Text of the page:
FMNR Project

CONSERVE KIBORIANI MOUNTAIN  -  “The fountain of Life”  (FMNR Project)


Conserve Kiboriani - the Fountain of Life is a project initiated by LEAD Foundation for rehabilitating the entire Kiboriani Ecosystem which comprises a range of mountains that covers the two administrative districts of Mpwapwa and Kongwa, in Dodoma Region, Tanzania.  With the height of approximately 2225m above sea level, it has one of the highest peaks in the Region. Apart from its sheer natural beauty and potential for tourism, the Kiboriani range is the only catchment area sourcing water for Mpwapwa and Kongwa towns and their surrounding villages. It is also highly productive for a variety of vegetables, sweet and round potatoes, maize, wheat and citrus fruits much needed by urban dwellers as well.

Decades of unplanned development within and around the mountains and uncontrolled deforestation has left the environment of Kiboriani range devastated, thus destroying the hydrological cycle and threatening water supply to the dependent towns and villages of Mpwapwa and Kongwa, as well as low productivity of agricultural produce from the mountain range.

This project intends to address the problem by formulating means of rehabilitating the Kiboriani Ecosystem including individual water springs, forests and agricultural land in order to restore its status. The project focuses on empowering communities to be upfront in the implementation of mitigation measures, including environmental management plans to ensure sustainability of the environment once it is rehabilitated. 

This abstract provides background information and to some extent, rationale for the Kiboriani Ecosystem Conservation Project. The most important activities will be reforestation and promotion of green agriculture through Farmer Managed Natural Regeneration (FMNR), a most economical and rapid method of reforesting worst degraded environments. It is the firm belief of LEAD Foundation that once the mountain range is reforested to its near original state, other benefits will be realised such as rejuvenation of natural water springs, biodiversity, forests and agricultural potential.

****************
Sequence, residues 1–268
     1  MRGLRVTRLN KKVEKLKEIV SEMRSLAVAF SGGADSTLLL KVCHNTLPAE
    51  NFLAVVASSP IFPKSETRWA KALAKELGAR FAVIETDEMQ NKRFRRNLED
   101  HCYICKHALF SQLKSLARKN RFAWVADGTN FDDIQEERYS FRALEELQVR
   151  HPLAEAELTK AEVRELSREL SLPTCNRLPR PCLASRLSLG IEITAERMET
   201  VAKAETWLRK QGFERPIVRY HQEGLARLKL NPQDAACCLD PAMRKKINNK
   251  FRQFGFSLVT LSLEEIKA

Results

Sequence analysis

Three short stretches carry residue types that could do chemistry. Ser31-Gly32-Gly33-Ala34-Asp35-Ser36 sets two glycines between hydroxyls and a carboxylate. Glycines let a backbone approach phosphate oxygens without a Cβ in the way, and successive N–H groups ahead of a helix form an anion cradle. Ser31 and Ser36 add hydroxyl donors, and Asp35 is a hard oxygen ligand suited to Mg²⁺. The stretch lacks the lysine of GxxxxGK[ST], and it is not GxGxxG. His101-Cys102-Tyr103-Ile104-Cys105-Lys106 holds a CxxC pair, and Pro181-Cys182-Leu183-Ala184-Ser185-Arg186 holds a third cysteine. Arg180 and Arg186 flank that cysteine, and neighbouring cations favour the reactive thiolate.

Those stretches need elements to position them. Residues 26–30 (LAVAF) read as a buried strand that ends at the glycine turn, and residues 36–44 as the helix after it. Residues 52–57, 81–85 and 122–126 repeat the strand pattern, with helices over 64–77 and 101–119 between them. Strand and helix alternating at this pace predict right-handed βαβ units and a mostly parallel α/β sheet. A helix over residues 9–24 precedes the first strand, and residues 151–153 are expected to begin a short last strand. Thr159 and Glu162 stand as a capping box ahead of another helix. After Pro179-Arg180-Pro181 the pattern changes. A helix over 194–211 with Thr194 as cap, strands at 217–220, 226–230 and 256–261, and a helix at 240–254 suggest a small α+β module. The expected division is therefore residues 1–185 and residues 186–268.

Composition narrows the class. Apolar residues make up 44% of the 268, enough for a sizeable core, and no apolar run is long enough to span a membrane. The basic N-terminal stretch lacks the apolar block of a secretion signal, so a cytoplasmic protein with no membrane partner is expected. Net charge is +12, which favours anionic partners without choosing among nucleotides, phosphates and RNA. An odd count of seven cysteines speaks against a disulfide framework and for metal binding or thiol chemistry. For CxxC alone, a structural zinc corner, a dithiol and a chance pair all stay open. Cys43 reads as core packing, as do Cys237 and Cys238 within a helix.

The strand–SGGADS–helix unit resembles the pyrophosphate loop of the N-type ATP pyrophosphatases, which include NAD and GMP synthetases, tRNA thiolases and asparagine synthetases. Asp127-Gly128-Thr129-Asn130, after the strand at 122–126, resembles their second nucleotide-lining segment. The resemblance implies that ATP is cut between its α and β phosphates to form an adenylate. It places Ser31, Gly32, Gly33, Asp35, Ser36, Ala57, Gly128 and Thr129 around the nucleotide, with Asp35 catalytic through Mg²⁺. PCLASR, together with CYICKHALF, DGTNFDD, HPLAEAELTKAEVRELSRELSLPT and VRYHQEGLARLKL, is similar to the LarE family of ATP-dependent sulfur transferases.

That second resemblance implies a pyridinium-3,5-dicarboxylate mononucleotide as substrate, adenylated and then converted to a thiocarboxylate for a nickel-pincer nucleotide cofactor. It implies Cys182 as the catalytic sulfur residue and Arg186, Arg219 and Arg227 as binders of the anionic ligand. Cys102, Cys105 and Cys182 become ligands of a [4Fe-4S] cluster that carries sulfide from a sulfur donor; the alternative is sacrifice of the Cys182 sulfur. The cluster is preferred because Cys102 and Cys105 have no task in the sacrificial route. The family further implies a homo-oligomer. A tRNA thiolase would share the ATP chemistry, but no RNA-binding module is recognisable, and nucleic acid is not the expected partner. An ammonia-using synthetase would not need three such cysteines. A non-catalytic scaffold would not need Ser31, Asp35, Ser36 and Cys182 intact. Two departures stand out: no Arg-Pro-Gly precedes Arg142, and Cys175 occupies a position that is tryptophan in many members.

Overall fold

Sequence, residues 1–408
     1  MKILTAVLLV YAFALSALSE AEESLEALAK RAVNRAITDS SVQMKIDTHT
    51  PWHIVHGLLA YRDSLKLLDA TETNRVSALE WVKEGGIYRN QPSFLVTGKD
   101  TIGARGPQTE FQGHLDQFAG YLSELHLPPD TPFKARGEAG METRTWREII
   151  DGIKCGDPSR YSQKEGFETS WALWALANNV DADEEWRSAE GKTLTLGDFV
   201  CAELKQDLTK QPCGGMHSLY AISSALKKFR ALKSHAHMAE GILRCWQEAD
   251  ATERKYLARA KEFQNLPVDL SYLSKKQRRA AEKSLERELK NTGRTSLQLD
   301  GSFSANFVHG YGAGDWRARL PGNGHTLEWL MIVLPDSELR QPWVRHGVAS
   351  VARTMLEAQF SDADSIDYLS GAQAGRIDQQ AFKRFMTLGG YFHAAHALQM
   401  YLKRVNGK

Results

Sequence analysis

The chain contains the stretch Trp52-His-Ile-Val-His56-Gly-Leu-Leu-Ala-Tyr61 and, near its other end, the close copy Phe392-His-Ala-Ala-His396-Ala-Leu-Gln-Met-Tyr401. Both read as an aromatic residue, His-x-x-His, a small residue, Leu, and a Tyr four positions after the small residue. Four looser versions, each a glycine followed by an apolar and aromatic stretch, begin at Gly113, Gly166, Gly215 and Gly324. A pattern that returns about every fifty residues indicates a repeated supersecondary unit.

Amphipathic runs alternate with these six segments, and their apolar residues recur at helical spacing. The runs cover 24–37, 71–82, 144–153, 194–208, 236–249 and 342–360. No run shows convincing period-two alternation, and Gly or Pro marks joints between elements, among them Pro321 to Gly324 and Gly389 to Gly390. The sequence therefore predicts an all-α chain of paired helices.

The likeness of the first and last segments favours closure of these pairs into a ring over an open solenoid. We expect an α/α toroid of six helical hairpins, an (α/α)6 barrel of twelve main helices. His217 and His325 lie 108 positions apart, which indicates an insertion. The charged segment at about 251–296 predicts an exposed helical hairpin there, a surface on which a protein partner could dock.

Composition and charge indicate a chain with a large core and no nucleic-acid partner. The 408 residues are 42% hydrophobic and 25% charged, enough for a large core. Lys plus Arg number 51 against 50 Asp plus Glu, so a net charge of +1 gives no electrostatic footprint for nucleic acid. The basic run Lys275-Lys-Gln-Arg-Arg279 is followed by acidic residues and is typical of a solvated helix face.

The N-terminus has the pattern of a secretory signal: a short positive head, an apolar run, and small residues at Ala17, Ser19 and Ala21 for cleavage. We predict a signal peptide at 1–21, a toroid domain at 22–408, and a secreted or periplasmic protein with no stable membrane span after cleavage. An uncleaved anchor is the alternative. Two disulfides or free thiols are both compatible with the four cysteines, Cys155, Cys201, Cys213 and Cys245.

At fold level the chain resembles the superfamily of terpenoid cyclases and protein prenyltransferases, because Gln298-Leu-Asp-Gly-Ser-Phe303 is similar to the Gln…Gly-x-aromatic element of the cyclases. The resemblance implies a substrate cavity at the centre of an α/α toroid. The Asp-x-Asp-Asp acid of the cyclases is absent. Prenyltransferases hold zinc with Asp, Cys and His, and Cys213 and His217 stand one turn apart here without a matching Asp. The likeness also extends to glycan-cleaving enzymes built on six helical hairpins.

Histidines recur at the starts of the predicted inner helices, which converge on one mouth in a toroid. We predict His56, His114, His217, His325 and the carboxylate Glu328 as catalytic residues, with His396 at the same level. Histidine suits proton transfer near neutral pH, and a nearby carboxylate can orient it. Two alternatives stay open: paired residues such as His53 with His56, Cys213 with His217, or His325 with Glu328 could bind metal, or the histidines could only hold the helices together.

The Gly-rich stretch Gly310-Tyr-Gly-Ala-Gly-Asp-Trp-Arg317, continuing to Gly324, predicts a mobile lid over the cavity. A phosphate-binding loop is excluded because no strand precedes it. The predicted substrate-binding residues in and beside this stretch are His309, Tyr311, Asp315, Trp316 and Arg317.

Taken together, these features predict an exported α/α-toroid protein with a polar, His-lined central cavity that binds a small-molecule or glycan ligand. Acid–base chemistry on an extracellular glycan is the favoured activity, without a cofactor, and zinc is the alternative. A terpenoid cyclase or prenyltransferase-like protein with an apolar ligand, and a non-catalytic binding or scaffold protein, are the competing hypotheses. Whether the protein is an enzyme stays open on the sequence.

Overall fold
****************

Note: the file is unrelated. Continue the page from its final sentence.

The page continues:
Other planned activities, to be undertaken in collaboration with all stakeholders, will include facilitation of land user rights, carbon trading in order to further empower farmers, promotion of alternative energy sources, promoting fuel saving stoves, beekeeping, ongoing training and consultations between stakeholders and documentation of FMNR best practices for replication in the Central Zone of Tanzania.

2.0    WHAT IS FMNR?

FMNR is basically the selection and pruning of stems which sprout from indigenous tree and shrub stumps. It is a method of harnessing an underground forest that needs to be liberated to produce miraculous results. This method is a revelation, compared to the familiar traditional method of reforestation by tree planting. Emphasis therefore will be to promote the FMNR method and where necessary some tree planting will be undertaken to supplement, or in place of, FMNR.

In the implementation of this project, LEAD Foundation will collaborate with Government Departments, parastatal organizations; public and private institutions, NGOs and religious organizations which have already shown keen interest in effectively up scaling FMNR for comprehensive reforestation and green agriculture and at the same time develop the foundation for sustainability of the rehabilitated environment.


3.1    The Past Kiboriani Mountain Range

Until the 1930s Kiboriani range of mountains was thickly forested, as noted by a visitor in 1933.

“One of my earliest annual holidays in Tanganyika was to be a member of a party going to Kiboriani. The very big, substantially built stone building at Kiboriani had been the one holiday place, apart from mission stations, where the missionaries could go for their often very much needed holidays during the earlier years of this century.